LAVENHAM, England -- Until the Great Fire of 1666 , London was a jumble of Tudor houses. Quirkily asymmetrical, their sagging oaken beams braced top-heavy upper stories. Some protruded so far over cobbled lanes that neighbors in houses opposite could swap sweetmeats from second-story windows. The brick and stone that replaced them was gloriously fire proof, but sorely lacking in atmosphere.
So to blunder into Lavenham, England's finest medieval village, is to realize how devastating a loss it was. Though less huddled than the London of old, the village's preservation takes you back to the Middle Ages. Rows of timber-framed houses tilt and slump . Those painted Pepto-Bismol pink are kept that color, as early inhabitants added iron-rich ox blood to the lime for durability.
Many have retained the diagonal beams typical of the 14th century. Indeed, most of the village dates from 1500 . Yet for all its storybook appeal, Lavenham (pronounced LAH-vun-um) manages to be a normal, functioning town. Bookshelves and flower arrangements peek from flowery curtains. Locals stand about chatting or walk their dogs. On High Street, the main thoroughfare, a pharmacy and green grocer ply their wares between gift shops, while the aroma of baking scones wafts from the Tickle Manor tea room.
Footpaths wind through flower gardens and wisteria, with pastoral views in every direction. There is plenty to see, starting with the magnificent Little Hall, a 15th-century house museum on the central Market Place. They have left the period furnishings so you get a sense of what life was like . The rambling Guildhall of Corpus Christi dominates the central square, a 1529 feasting hall with massive oak beams and planks set higgledy-piggledy in the floor.
"They used far more oak timbers than were needed," says Derek Wolsten-Croft, who greets visitors at the entrance. "This was made just to say, 'We're rich .' "
And Lavenham was. The exhibit upstairs charts its ascent to the pinnacle of Suffolk's wool trade. At its peak in 1524, at least 33 enterprises were churning out blue serge -- a heavy broadcloth dyed "in the wool" rather than after weaving -- a prime export.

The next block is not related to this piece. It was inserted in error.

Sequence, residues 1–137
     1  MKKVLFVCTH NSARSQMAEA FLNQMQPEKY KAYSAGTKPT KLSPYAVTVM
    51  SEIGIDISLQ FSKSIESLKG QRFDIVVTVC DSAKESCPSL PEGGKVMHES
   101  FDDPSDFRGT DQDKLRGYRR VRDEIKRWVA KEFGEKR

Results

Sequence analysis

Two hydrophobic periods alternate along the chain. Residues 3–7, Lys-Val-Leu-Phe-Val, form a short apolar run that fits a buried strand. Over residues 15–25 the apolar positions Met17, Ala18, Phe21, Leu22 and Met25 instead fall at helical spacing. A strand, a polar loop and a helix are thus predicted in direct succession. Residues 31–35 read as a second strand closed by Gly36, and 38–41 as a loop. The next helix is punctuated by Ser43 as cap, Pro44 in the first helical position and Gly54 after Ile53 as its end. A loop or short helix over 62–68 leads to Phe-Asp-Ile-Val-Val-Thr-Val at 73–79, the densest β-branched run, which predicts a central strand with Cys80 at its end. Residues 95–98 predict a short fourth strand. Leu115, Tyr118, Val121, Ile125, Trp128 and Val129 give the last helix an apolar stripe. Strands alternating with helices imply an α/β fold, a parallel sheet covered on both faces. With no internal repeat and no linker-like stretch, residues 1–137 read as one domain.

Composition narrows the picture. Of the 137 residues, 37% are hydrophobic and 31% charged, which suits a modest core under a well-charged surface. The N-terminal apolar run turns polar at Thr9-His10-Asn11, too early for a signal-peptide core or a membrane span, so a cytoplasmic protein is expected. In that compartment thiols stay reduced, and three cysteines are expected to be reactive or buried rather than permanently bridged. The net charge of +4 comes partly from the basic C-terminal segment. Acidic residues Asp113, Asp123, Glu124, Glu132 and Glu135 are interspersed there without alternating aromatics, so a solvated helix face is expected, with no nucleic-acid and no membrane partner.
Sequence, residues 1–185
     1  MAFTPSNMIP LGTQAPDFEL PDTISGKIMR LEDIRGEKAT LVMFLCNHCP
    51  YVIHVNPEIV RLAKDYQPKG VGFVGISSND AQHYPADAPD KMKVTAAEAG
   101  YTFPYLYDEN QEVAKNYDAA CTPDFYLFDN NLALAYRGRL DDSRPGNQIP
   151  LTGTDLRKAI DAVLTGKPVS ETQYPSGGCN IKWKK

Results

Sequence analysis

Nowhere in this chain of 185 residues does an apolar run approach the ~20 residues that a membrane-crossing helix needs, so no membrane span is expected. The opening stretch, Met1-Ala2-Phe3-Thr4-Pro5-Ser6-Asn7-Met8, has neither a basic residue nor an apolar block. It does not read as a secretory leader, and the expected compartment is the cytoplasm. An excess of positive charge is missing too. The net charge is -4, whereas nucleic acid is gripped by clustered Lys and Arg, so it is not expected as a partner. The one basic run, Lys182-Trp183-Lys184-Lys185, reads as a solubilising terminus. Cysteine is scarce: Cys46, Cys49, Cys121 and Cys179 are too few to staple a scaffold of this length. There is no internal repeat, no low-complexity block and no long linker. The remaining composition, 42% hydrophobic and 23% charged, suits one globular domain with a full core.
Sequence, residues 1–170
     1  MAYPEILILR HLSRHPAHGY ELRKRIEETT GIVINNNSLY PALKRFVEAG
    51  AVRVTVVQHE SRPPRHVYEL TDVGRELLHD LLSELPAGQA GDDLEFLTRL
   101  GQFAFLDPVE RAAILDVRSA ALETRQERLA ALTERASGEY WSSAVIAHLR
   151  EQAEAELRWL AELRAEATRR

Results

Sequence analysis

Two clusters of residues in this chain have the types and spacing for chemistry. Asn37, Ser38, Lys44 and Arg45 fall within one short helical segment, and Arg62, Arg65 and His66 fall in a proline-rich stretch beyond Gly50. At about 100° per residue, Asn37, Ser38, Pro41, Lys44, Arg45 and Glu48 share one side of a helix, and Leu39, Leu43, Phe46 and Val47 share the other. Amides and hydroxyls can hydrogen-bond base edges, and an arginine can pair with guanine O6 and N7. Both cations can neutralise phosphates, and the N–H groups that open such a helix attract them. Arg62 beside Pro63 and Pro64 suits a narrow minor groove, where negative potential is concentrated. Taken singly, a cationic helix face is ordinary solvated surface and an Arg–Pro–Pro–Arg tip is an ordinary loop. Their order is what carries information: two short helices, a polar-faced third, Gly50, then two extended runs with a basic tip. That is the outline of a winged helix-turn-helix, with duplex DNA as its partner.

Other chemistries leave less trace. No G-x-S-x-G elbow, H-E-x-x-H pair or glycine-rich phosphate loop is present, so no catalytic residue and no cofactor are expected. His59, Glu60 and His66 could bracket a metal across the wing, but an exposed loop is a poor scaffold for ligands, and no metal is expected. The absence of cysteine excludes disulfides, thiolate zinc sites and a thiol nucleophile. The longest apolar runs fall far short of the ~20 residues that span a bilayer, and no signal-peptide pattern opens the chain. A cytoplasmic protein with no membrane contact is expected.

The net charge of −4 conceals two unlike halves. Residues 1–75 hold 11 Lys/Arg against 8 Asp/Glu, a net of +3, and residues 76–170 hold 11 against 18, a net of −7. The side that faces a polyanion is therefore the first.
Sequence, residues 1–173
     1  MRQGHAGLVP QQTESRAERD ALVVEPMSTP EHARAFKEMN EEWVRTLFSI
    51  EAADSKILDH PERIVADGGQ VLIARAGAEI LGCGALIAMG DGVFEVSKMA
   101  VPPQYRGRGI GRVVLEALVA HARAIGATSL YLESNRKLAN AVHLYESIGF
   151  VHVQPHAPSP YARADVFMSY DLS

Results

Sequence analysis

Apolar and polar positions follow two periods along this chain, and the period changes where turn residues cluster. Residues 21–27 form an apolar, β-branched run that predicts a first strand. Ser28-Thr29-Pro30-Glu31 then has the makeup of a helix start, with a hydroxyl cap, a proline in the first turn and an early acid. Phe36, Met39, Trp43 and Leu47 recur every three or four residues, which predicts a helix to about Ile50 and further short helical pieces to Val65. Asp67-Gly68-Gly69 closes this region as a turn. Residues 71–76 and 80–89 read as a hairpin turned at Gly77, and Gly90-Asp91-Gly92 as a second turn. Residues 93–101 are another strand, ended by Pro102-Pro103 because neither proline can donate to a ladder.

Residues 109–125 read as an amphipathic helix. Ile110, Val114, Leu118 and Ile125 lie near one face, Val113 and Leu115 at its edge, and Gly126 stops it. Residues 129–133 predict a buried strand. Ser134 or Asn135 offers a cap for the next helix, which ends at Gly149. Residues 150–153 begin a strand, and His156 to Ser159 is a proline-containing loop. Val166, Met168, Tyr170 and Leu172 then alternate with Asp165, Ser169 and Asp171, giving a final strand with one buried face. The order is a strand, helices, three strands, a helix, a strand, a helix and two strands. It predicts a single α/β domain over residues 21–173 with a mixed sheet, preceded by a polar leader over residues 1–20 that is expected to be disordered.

As if humbled by such bounty, the town, which is about 60 miles northeast of London, erected a stone cathedral. The Parish Church of St. Peter and St. Paul stands on a hill at the south end of town, its squat gray tower the only straight line in the landscape. Until it was completed, the guildhall was the place to worship, and superstition was entrenched.
People etched daisy wheels into the lintels of their hearths, believing they would repel evil spirits flying down the chimney. The pointy leather house slippers framed under glass in Lavenham's sumptuous Swan Hotel were discovered in the chimney; stashed slippers, along with cat carcasses, were thought to bring luck.
It must have worked, as Lavenham prospered for a century and a half. It wasn't until the reign of Elizabeth I (1558-1603) that its luck ran out. The Dutch had devised a lighter-weight fabric that took off on international markets . But in one of those odd reversals of fortune, its indigence became its wealth. Too cash-strapped to remodel, homeowners left their houses unchanged. By the end of World War II, the community's antiquity was drawing visitors.
It still does. Some 300 houses are protected by Britain's Landmark Trust . A mid sized home fetches about $1 million, and because of the historic listing, can be restored, but not altered. Few of the locals seem put out. At The Angel, a cozy, low-ceilinged lunch spot on the central square, they tuck into such delights as cream of broccoli and Stilton soup, and steak and ale pie . The mood is friendly, even jovial. Utter perfection, in fact, as if it were 1524.
Diane Foulds, a freelance writer in Burlington, Vt., can be reached at firstname.lastname@example.org.